IBM and Microsoft, and the race to build a business-friendly blockchain-as-a-service (BaaS) platform.
In the business world, unlike tennis, there can be more than one winner. And it may be rash to assume that the old market leaders will stay ahead of the pack, especially in a field so new. However, recent moves by the two companies to shore up their cloud offering with enterprise blockchain applications underline their market clout and privileged access to big clients.
IBM recently unveiled the first commercial application of IBM Blockchain, a suite of cloud services to help clients create and manage blockchain networks.
Meanwhile, Microsoft has been adding BaaS modules to Azure, its cloud-computing platform, since 2015, making them available to all users last year.
Both systems seem similar on the surface: modular, in the cloud, based on open-source code, with massive ecosystems. However, lift the hood and you find a significant difference.
While Microsoft’s BaaS is designed to work with a range of protocols, it has shown a preference for the ethereum blockchain, and soft-launched the service at an ethereum event in 2015.
Most of its recent partnership announcements are with startups that use ethereum as their base, and Microsoft is a founding member of the Enterprise Ethereum Alliance, recently set up to explore business adaptations of the public blockchain.
IBM, on the other hand, has so far largely stayed away from public blockchains. Its BaaS service is based on Hyperledger’s Fabric codebase, of which IBM wrote a large part.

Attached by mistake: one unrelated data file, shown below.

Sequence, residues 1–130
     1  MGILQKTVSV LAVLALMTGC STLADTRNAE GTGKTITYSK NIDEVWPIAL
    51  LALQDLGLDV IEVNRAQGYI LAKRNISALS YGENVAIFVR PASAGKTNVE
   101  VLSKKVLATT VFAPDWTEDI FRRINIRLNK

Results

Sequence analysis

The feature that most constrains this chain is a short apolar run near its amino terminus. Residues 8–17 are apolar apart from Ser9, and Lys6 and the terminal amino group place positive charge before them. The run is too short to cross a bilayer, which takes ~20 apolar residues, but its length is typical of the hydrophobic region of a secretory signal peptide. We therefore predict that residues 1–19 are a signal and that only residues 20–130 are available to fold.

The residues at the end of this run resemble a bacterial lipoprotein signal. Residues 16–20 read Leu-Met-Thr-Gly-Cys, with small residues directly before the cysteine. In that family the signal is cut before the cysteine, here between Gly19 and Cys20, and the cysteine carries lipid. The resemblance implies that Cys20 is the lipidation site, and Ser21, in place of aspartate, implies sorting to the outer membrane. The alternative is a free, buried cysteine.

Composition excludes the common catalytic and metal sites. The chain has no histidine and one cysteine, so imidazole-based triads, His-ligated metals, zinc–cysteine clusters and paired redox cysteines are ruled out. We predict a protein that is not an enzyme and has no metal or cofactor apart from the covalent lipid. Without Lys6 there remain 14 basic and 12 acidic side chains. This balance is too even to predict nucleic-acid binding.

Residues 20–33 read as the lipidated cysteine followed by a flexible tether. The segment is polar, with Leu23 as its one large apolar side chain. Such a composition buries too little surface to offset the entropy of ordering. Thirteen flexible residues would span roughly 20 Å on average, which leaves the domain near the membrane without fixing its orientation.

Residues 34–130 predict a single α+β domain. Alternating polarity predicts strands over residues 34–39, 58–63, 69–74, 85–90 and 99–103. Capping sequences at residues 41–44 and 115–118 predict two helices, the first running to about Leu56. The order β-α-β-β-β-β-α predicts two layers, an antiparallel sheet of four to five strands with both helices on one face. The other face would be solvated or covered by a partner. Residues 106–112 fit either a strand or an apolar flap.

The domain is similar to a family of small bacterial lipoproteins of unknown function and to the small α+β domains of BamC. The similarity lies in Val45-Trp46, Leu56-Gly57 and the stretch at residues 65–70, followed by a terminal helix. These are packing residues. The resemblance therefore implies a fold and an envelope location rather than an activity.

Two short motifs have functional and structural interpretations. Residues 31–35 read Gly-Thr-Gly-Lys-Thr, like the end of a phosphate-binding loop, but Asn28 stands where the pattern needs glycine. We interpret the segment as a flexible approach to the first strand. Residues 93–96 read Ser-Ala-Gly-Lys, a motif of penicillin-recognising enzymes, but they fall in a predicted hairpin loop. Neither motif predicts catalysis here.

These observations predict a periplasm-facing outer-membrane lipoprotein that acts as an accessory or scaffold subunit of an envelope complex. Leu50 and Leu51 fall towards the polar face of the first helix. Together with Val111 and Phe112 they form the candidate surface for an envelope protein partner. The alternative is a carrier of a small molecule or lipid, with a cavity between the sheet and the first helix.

The difference goes deeper, though. It’s not really about public vs private – after all, both Microsoft and IBM are developing private applications of open-source protocols.
The main difference is in the governance.
Ethereum is developed by the Ethereum Foundation, of which Microsoft is not a member. This is a risk factor in that the Foundation could decide to change the underlying code, without Microsoft’s input. (The EEA does not influence the ethereum codebase.)
Hyperledger's codebases are governed by a steering committee, of which IBM is a member, and an important one. (Microsoft is not a member of the Hyperledger consortium.) The committee could decide to make changes to Fabric, but not without IBM’s consent and contribution.
The level of interaction with the public of the two open-source alternatives is also different, and an added risk factor. A bug in ethereum is a public event. While there is no doubt that it would be quickly fixed, a failure could shake confidence in firms running on an ethereum-based system.
On the other hand, if Fabric were to encounter a problem, it would also be rapidly solved. But there’s a chance we would never know.
That said, the compelling arguments for development on a public blockchain include the broad developer base and the potential for interoperability. Many have argued that public blockchain adaptations will win for these reasons.
As in a tense tennis tournament, the game is gripping, with each side playing professionally. Unlike a simple match, however, the winner will not be determined any time soon, if ever.
IBM and Microsoft have coexisted as IT leaders and competitors for decades, constantly adapting to new strategies and opportunities. In a fluid field based on a new technology, agility is important. But so is size and access to the target market.
In blockchain terms, the game has just begun.